So You've Decided To Use A VPS For Hosting - What Next?

So You’ve Decided To Use A VPS For Hosting – What Next?

If you’re new to hosting and after some deliberation you have chosen VPS hosting, or if you are upgrading to a VPS from shared hosting, this decision is just the beginning of the journey. There are a number of things to consider before you even launch your first VPS, which we will run through here.

Welcome to VPS!

The first question is: what are you planning to do with it? Is it for a blog, a forum for a community you are part of, an ecommerce site for your business, or just a gallery for your holiday photos? The answer to this question has a bearing on the software you’ll need to have running on your VPS. Most website software will give you an idea of the requirements you need to meet in order to use it. In general, this refers to any other software that is needed to make it work, such as the Apache web server, PHP or other script languages that the software may be written in, and any required database software such as MySQL or PostgreSQL. These normally won’t mention how much RAM, disk space or how powerful a CPU your server will need as these things are normally very dependent upon how many simultaneous visitors your site attracts and how large your databases are. Often the software creators will give a number of guides or tutorials on how to get the website software running on many common operating systems.  

Choosing An OS

With the software selected and an idea of which operating system you may need, it’s time to consider how many resources to assign to your VPS, and whether to go cloud or SSD. A cloud VPS is a fair bit more expensive than an SSD VPS, but the advantage of being in a cloud means is that it is not tied to any one piece of hardware, thus preventing hardware failures incurring your server any prolonged periods of downtime. With our SSD VPS offering, the plans are arranged around how much RAM you will need, and any scaling up of the CPU and disk provision should you increase the amount of RAM. With the cloud VPS, things are more flexible as alongside the main bundle of CPU/RAM/storage allocations you can also add extra storage or RAM to the VPS to meet your needs. For a starting site there’s no need to go big straight away; with a VPS running Linux and a web server you should be able to get by on a 0.5GB to 1GB RAM VPS without any problem. You can increase these resources as the site becomes more popular. For a Windows server, you will likely want to start with 1GB RAM to 2GB RAM for things to run smoothly.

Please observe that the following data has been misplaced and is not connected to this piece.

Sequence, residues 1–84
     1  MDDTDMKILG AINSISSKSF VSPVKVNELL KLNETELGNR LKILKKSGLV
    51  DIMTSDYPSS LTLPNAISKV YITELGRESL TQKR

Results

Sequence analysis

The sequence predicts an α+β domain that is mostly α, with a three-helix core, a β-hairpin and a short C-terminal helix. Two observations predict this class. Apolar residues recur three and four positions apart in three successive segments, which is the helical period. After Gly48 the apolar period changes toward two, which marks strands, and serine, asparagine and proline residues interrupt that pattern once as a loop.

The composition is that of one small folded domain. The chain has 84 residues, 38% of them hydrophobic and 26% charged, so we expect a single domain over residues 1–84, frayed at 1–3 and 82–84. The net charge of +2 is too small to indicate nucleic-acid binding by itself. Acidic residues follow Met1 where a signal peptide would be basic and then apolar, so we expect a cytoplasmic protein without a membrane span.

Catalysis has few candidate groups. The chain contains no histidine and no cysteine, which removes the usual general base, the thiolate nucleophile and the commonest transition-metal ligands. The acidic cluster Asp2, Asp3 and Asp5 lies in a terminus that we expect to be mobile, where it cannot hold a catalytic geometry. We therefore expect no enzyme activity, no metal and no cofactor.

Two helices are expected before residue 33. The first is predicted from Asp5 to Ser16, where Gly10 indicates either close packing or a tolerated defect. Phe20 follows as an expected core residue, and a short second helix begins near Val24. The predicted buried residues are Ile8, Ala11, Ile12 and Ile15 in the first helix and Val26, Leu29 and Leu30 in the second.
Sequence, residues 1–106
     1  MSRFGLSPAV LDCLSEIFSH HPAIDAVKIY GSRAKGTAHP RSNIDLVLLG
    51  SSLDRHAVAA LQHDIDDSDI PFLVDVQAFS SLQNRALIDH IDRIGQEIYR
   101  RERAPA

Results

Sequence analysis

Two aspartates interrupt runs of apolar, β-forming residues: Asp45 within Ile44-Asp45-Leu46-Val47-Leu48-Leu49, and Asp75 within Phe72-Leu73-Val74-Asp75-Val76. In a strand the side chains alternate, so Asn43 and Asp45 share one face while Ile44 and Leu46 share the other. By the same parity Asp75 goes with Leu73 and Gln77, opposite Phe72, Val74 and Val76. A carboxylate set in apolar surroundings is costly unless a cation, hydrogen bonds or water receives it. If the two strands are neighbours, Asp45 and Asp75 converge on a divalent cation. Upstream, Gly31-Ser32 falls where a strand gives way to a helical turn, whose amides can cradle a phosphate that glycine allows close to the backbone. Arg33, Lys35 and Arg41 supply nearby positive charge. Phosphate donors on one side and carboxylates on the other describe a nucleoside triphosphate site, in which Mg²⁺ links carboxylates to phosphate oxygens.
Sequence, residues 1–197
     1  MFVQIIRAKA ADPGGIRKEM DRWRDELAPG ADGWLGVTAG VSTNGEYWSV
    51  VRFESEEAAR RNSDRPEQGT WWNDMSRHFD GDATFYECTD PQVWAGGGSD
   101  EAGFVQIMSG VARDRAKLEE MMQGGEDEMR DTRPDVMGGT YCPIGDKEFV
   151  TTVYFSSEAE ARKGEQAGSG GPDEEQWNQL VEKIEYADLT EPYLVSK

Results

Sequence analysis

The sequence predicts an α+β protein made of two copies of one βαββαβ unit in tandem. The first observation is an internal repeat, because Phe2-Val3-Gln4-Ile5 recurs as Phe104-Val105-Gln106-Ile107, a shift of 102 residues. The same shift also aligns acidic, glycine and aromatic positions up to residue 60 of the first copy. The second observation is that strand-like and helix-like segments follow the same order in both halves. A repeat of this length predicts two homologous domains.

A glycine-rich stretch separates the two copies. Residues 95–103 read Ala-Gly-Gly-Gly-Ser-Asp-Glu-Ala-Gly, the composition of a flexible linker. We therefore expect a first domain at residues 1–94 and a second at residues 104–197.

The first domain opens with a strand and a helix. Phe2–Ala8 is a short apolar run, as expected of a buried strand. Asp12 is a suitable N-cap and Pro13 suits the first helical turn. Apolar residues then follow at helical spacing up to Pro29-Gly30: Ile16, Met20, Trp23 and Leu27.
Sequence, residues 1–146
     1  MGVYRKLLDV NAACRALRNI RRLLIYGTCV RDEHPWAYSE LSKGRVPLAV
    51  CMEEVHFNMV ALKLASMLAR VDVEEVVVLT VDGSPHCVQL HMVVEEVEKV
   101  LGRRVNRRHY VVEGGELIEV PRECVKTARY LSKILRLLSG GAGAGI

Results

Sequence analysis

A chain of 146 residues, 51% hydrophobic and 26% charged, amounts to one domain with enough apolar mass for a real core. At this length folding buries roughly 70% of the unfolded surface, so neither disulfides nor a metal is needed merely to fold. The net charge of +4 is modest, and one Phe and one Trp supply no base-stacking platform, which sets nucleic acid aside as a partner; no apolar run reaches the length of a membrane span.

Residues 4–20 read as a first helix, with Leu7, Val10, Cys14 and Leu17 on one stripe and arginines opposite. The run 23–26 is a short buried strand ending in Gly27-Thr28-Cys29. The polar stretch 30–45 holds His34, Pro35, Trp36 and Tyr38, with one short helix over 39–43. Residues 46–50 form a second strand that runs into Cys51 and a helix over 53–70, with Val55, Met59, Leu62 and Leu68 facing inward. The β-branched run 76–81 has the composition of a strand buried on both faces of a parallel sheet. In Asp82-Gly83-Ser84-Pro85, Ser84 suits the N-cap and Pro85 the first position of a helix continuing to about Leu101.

Ready To Launch!

Once you’ve selected the operating system you need and the specification of the server you want, it’s then just a case of naming it and launching the server so you can then configure it. Most software packages you are likely to need usually come with some tutorial guides on how to get started. These can be great for helping you pick the operating system that you want to run on your VPS, as well as walking you through how to get your software up and running. One of the greatest features of a VPS is the speed at which you can fire up a VPS from scratch. This means that you can easily launch a VPS to test a configuration, and if you aren’t happy with the setup you can destroy the existing one and launch a replacement in minutes. When you are starting out, you can practice launching repeated VPSs, allowing you to learn and get your deployment just right.

Once you are happy with your setup and site, you can then announce it to the world and watch the traffic come into your site running on your very own server.

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